Wednesday, February 10, 2010

Men and Women Communicating -- Romance from a Guy's Perspective Part III

When I was in undergrad at my second college (I transferred twice before getting my B.S.), I took a class called Human Communication. The point of this course was to discuss communication methods commonly used in all aspects of contemporary American life. One of the books we were supposed to read during that semester was called You Just Don't Understand: Women and Men in Communication.

Perhaps the most interesting thing I can remember learning is that men and women ask for things they want differently. An example from the text: Three boys and three girls were given toys to play with. When a boy wanted a toy that another boy had, he asked for it directly. When a girl wanted a toy another girl had, she tried to use the third girl as a way around asking directly (e.g. Jenny telling Sarah that Erika wants to play with the doll Sarah has, when it's really Jenny who wants to play with it).

Books like this are worthwhile for two reasons. First and foremost is that it allows male and female writers to get a picture of the different ways men and women communicate inside gender groups and with each other. It's a good resource to have because, let's face it, we're going to default to our standard communication styles. For a man, that tends to be more direct and upfront. For a woman, it's more circumspect and subtle.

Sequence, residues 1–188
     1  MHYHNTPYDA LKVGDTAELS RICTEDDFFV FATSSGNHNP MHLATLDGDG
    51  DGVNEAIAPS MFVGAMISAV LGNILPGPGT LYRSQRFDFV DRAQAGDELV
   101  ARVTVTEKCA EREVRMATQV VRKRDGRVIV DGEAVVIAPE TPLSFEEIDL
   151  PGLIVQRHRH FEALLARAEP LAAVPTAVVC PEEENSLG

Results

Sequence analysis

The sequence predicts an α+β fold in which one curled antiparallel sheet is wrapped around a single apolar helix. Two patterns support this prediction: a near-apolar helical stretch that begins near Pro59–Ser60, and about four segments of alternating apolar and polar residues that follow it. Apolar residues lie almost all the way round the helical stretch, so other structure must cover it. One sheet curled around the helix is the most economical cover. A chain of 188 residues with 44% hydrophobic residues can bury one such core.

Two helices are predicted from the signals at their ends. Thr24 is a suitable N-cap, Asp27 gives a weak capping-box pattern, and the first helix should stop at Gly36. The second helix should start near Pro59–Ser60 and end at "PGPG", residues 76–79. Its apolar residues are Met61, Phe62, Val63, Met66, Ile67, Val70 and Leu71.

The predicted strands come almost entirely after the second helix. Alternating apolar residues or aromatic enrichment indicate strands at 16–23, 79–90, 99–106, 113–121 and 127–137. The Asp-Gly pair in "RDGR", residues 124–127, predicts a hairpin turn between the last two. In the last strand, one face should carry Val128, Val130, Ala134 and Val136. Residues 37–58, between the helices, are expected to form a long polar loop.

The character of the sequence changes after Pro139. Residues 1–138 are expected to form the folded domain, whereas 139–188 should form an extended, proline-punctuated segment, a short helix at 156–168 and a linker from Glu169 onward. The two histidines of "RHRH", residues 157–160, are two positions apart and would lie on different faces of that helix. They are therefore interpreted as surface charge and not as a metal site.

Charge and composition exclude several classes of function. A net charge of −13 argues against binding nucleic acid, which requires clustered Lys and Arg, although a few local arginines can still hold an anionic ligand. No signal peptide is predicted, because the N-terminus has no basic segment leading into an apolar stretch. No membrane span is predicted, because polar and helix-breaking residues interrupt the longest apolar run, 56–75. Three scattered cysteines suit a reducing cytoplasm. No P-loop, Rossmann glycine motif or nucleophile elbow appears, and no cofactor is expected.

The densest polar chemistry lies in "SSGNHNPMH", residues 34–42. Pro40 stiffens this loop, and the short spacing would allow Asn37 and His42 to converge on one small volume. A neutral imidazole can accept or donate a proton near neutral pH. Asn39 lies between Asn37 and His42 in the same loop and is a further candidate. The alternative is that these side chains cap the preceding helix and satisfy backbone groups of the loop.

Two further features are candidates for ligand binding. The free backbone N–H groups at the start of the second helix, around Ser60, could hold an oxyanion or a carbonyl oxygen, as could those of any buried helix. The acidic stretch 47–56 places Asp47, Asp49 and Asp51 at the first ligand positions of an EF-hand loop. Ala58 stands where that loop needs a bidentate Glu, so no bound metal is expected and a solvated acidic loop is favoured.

Perhaps more interesting than knowing these communication styles is knowing that people will have difficulty understanding if the communication style is not the one they use. Hence why the stereotypical American male is said to not understand subtlety. This is the number one offense I've seen in my scant experience with male romantic characters. They understand the subtlety of the female main characters far better than any real man typically would.

There are, of course, men and women who break the mold. My wife is, in general, a very plain-spoken woman and not prone to subtlety. My friends Casey and Alice* are the same way (a big reason why they're my friends). By contrast, my male friend Gary tends to be more circumspect.

What does this mean for the female writer trying to write a male character or a male writer trying to write a female character?

Pay attention to how men and women typically talk.

A stereotypical guy will tell you up front what he means (unless it's emotional, then he tries to play it off like it's no big deal). A stereotypical girl might speak more in hypotheticals and try to get answers to a question she's not asking. When these two get together, sparks are more likely to fly from him misunderstanding what she's asking rather than any understanding on either part. Especially when it comes to romantic entanglements.